While we will have to wait and see the long-term impact of rates on climate financing, green bond issuance was down on Q1 2022, much like the rest of the bond issuance market, but saw growth return in Q2. Flows into global responsible investment bond funds were abruptly down at the beginning of the year, turning negative for the first six months, but saw its first positive flows YTD in July.
This creates a dilemma for investors and central bankers: in a world of rising rates how to balance climate risk on one side, with exposure to interest rate risk on the other. However, they may well be two sides of the same coin, Christine Largarde, Head of ECB recently said “climate change has an clear impact on inflation” and lower interest rate risk across both portfolio and economies today may lead to great climate risk tomorrow.
 The European Central Bank’s strategy, environmental policy and the new inflation: a case for interest rate differentiation – Grantham Research Institute on climate change and the environment (lse.ac.uk)
 Adverse effects of rising interest rates on sustainable energy transitions, Schmidt et al, Nature Sustainability Sep 2019
 Susceptibility of renewables to interest rates, Brandon Sutherland, Joule, Nov 2019
 Solar Panel Costs Rise in Climate Change Threat as Longi Boosts Prices – Bloomberg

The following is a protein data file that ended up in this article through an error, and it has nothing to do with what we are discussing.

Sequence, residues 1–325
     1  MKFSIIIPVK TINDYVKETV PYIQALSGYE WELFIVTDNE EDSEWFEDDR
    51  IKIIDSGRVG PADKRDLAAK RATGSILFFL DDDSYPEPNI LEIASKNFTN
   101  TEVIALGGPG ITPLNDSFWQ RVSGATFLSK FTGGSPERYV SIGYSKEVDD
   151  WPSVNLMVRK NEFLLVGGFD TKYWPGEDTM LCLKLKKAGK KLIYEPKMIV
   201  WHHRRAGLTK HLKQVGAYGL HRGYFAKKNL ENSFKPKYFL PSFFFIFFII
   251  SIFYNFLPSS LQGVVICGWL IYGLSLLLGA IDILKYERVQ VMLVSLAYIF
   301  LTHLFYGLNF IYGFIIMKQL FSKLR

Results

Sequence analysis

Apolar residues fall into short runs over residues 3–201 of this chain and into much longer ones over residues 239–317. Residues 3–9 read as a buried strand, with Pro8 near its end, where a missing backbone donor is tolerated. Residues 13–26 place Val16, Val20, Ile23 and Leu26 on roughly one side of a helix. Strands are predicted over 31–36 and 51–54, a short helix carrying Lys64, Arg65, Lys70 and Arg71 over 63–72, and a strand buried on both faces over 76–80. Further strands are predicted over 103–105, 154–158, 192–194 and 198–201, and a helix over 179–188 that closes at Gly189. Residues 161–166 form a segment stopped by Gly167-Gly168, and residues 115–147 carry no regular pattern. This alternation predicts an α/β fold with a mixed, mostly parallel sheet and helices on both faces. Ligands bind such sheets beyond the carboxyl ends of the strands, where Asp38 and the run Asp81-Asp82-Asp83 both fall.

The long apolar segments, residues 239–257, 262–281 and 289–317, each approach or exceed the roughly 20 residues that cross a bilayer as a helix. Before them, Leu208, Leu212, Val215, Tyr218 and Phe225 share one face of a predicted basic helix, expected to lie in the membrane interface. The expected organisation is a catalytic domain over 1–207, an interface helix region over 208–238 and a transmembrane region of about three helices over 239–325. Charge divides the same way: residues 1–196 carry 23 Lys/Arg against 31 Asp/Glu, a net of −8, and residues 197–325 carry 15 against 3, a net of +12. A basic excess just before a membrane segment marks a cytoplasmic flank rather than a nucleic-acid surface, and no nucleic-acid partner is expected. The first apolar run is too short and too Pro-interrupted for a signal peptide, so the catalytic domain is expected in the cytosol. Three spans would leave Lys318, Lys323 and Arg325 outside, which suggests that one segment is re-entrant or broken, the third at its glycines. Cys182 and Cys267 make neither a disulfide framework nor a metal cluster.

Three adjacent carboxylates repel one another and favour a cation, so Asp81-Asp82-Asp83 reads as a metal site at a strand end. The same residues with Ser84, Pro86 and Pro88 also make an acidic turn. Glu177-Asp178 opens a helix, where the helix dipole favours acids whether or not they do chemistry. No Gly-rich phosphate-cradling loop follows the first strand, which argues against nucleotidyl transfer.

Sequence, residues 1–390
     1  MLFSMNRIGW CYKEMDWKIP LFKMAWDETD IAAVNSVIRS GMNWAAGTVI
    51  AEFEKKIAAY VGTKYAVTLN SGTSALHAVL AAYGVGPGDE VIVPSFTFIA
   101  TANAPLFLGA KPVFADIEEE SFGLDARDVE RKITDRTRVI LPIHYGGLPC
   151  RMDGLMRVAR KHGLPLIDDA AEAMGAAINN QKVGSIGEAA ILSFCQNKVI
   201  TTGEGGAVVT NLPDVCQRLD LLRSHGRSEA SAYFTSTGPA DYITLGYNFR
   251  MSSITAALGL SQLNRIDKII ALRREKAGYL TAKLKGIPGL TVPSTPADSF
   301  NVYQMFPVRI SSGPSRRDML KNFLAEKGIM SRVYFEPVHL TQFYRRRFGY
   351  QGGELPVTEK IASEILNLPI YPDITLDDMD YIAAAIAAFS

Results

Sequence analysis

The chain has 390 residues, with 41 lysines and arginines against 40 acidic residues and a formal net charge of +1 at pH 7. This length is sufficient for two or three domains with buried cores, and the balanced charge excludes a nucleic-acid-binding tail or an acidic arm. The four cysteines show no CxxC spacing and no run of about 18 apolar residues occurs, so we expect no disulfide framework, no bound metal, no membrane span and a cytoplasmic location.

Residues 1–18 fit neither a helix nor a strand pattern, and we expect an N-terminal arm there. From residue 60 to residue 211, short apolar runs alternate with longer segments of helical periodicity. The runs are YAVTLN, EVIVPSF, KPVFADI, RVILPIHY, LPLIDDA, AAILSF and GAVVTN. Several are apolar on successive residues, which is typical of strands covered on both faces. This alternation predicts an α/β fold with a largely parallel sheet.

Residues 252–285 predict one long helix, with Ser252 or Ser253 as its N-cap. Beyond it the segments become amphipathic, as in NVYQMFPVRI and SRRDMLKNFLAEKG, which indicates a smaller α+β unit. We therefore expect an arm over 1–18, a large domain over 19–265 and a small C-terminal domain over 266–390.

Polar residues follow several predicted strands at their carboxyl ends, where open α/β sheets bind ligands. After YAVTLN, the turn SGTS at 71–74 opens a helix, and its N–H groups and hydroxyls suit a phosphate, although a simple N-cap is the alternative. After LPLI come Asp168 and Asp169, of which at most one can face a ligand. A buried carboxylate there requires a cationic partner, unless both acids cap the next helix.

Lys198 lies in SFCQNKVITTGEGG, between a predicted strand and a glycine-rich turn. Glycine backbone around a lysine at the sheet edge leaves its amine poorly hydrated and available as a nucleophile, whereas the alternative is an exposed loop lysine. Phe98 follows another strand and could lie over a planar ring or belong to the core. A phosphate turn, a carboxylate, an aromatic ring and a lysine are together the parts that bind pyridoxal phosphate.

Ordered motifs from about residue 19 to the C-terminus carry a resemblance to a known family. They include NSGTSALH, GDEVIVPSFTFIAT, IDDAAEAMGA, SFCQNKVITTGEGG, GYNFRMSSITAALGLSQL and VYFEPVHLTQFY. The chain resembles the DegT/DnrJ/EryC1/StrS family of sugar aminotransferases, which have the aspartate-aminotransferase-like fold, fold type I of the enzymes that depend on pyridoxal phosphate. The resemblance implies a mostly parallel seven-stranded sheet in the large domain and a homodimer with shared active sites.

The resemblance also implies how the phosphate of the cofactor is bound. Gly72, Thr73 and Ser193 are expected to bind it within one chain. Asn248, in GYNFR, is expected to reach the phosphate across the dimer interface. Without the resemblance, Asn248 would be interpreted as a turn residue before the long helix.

OECD, Global Outlook on Financing for Sustainable Development 2021: A New Way to Invest for People and Planet
 Climate Risk Adjusted World Government Bond Index (‘Climate WGBI’, the index series measures the performance of fixed-rate, local currency, investment-grade sovereign bonds in WGBI incorporating a tilting methodology that adjusts index weights according to each countries’ relative climate risk performance. FTSE Climate Risk-Adjusted Government Bond Index Series | FTSE Russell
FTSE World Government Bond Index (‘WGBI’, A broad index providing exposure to the global sovereign fixed income market, the index measures the performance of fixed-rate, local currency, investment-grade sovereign bonds. It comprises sovereign debt from over 20 countries, denominated in a variety of currencies)
 FTSE World Broad Investment-Grade Green Impact Bond Index (‘WorldBIG Green’, constituents are selected from the WorldBIG, screened in accordance with the transparent and defined green bond criteria) FTSE Green Impact Bond Index Series | FTSE Russell
FTSE World Broad Investment-Grade Bond Index (‘WorldBIG’, A multi-asset, multi-currency index that provides a broad-based measure of the global fixed income markets. The index includes investment-grade government, government-sponsored/supranational, collateralized, and corporate debt)
 Climate Risk Adjusted EMU Government Bond Index (‘Climate EGBI’, the index series measures the performance of fixed-rate, local currency, investment-grade sovereign bonds in EGBI incorporating a tilting methodology that adjusts index weights according to each countries’ relative climate risk performance. FTSE Climate Risk-Adjusted Government Bond Index Series | FTSE Russell
FTSE EMU Government Bond Index (‘EGBI’ the index measures the performance of fixed-rate, local currency, investment-grade sovereign bonds. It consists of the European Monetary Union (EMU) participating countries that meet specific criteria for market size, credit quality, and barriers-to-entry)
 Refinitiv Lipper Global Responsible Investments Snapshot July 2022.
 ECB’s Lagarde: climate change has clear impact on inflation | Reuters